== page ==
Occult philosophy, viewing the manifested and the unmanifested Kosmos as a UNITY, symbolizes the ideal conception of the former by that “Golden Egg” with two poles in it. It is the positive pole that acts in the manifested world of matter, while the negative is lost in the unknowable absoluteness of SAT—“Be-ness.”[19]

In Hindu philosophy the mundane egg is called Hiraṇyagarbha, meaning "golden womb" or "golden egg":

The germ

Related to the idea of the Egg is that of the "Germ":

In the ancient primitive trinity of India, that which may be certainly considered as pre-Vedic, the germ which fecundates the mother-principle, the mundane egg, or the universal womb, is called Nara, the Spirit, or the Holy Ghost, which emanates from the primordial essence.[20]
Appearing with every Manvantara as Narâyan, or Swayambhuva (the Self-Existent), and penetrating into the Mundane Egg, it emerges from it at the end of the divine incubation as Brahmâ or Prajâpati, a progenitor of the future Universe into which he expands.[21]

The germ is sometimes seen as a male aspect eternally present in the undifferentiated substance:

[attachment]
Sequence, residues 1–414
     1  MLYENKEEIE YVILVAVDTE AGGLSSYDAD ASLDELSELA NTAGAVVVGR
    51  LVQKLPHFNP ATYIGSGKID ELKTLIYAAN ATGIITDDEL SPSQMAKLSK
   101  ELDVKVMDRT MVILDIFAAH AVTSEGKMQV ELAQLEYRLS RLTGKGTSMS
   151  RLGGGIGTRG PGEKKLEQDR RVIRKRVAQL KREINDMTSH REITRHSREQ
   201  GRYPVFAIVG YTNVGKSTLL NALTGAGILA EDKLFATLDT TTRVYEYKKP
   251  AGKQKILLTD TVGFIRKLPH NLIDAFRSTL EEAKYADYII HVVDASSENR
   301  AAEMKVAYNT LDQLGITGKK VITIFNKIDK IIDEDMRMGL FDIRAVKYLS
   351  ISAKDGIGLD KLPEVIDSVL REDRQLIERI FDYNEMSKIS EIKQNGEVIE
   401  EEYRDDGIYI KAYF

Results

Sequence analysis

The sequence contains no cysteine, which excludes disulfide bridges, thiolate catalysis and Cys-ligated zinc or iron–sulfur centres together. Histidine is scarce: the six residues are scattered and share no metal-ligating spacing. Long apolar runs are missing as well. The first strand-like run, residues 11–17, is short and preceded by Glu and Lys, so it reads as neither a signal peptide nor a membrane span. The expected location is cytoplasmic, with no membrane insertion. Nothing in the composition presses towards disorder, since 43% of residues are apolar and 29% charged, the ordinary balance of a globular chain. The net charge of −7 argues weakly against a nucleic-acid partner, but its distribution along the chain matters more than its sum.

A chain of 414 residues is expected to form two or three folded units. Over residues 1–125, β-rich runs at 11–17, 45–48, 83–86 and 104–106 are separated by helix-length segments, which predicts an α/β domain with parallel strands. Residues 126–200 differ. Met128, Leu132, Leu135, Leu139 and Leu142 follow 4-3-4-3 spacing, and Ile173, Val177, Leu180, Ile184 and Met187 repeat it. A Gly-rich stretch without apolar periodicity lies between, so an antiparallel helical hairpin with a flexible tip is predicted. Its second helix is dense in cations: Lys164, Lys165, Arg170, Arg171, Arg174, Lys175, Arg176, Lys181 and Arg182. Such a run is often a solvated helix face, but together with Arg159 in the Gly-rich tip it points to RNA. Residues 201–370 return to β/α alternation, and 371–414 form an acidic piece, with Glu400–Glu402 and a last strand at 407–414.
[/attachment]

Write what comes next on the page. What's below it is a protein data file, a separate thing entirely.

The “Germ” is a figurative expression; the germ is everywhere, even as the circle whose circumference is nowhere and whose centre is everywhere. It therefore means all germs, that is to say, unmanifested nature.[22]
The Germ is eternal, the undifferentiated atoms of future matter—is one with space, as infinite as it is indestructible, and as eternal as space itself.[23]
The “Germ”—the point in the Mundane Egg, represented by matter in its abstract sense. But the term “Point” must not be understood as applying to any particular point in Space, for a germ exists in the centre of every atom, and these collectively form “the Germ;” or rather, as no atom can be made visible to our physical eye, the collectivity of these (if the term can be applied to something which is boundless and infinite) forms the noumenon of eternal and indestructible matter.[24]

Online resources

Articles

Notes

  1. Helena Petrovna Blavatsky, The Secret Doctrine vol. I, (Wheaton, IL: Theosophical Publishing House, 1993), 359.
  2. Michael Gomes (transcriber), The Secret Doctrine Commentaries (The Hague: I.S.I.S. foundation, 2010), 137.
  3. Helena Petrovna Blavatsky, The Secret Doctrine vol. I, (Wheaton, IL: Theosophical Publishing House, 1993), 359.
  4. Helena Petrovna Blavatsky, Collected Writings vol. X (Adyar, Madras: Theosophical Publishing House, 1964), 352.